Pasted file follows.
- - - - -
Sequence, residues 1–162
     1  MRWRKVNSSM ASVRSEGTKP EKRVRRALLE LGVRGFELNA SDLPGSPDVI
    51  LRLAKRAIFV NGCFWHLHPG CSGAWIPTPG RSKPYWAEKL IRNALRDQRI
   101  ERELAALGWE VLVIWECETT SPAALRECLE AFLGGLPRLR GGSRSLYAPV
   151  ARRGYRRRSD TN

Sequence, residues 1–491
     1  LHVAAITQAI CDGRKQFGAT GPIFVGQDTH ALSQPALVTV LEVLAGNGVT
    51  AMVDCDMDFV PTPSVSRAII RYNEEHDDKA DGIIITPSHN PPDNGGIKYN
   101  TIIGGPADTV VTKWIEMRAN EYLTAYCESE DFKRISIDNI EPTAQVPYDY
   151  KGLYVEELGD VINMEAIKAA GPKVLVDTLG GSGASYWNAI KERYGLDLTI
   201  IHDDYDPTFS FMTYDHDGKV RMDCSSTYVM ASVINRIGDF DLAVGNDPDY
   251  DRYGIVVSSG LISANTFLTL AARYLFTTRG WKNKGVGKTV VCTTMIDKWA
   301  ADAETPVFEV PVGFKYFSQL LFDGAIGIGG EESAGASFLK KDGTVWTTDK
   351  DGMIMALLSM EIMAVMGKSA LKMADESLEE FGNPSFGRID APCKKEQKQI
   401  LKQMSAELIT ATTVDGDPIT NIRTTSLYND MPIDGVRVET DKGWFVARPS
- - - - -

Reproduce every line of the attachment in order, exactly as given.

Sequence, residues 1–162
     1  MRWRKVNSSM ASVRSEGTKP EKRVRRALLE LGVRGFELNA SDLPGSPDVI
    51  LRLAKRAIFV NGCFWHLHPG CSGAWIPTPG RSKPYWAEKL IRNALRDQRI
   101  ERELAALGWE VLVIWECETT SPAALRECLE AFLGGLPRLR GGSRSLYAPV
   151  ARRGYRRRSD TN

Sequence, residues 1–491
     1  LHVAAITQAI CDGRKQFGAT GPIFVGQDTH ALSQPALVTV LEVLAGNGVT
    51  AMVDCDMDFV PTPSVSRAII RYNEEHDDKA DGIIITPSHN PPDNGGIKYN
   101  TIIGGPADTV VTKWIEMRAN EYLTAYCESE DFKRISIDNI EPTAQVPYDY
   151  KGLYVEELGD VINMEAIKAA GPKVLVDTLG GSGASYWNAI KERYGLDLTI
   201  IHDDYDPTFS FMTYDHDGKV RMDCSSTYVM ASVINRIGDF DLAVGNDPDY
   251  DRYGIVVSSG LISANTFLTL AARYLFTTRG WKNKGVGKTV VCTTMIDKWA
   301  ADAETPVFEV PVGFKYFSQL LFDGAIGIGG EESAGASFLK KDGTVWTTDK
   351  DGMIMALLSM EIMAVMGKSA LKMADESLEE FGNPSFGRID APCKKEQKQI
   401  LKQMSAELIT ATTVDGDPIT NIRTTSLYND MPIDGVRVET DKGWFVARPS